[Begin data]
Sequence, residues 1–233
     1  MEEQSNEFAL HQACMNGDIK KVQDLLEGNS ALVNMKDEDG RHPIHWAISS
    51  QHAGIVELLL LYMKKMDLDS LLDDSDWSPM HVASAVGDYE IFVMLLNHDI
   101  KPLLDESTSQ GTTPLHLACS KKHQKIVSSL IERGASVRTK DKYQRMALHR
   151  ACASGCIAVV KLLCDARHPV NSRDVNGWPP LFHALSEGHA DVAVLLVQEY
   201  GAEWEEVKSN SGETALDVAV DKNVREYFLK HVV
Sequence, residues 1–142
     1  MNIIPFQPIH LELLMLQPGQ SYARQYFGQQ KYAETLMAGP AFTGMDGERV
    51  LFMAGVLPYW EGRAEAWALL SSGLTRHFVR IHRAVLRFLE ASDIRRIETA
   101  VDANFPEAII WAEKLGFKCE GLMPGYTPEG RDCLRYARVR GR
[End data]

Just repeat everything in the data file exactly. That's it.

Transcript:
Sequence, residues 1–233
     1  MEEQSNEFAL HQACMNGDIK KVQDLLEGNS ALVNMKDEDG RHPIHWAISS
    51  QHAGIVELLL LYMKKMDLDS LLDDSDWSPM HVASAVGDYE IFVMLLNHDI
   101  KPLLDESTSQ GTTPLHLACS KKHQKIVSSL IERGASVRTK DKYQRMALHR
   151  ACASGCIAVV KLLCDARHPV NSRDVNGWPP LFHALSEGHA DVAVLLVQEY
   201  GAEWEEVKSN SGETALDVAV DKNVREYFLK HVV
Sequence, residues 1–142
     1  MNIIPFQPIH LELLMLQPGQ SYARQYFGQQ KYAETLMAGP AFTGMDGERV
    51  LFMAGVLPYW EGRAEAWALL SSGLTRHFVR IHRAVLRFLE ASDIRRIETA
   101  VDANFPEAII WAEKLGFKCE GLMPGYTPEG RDCLRYARVR GR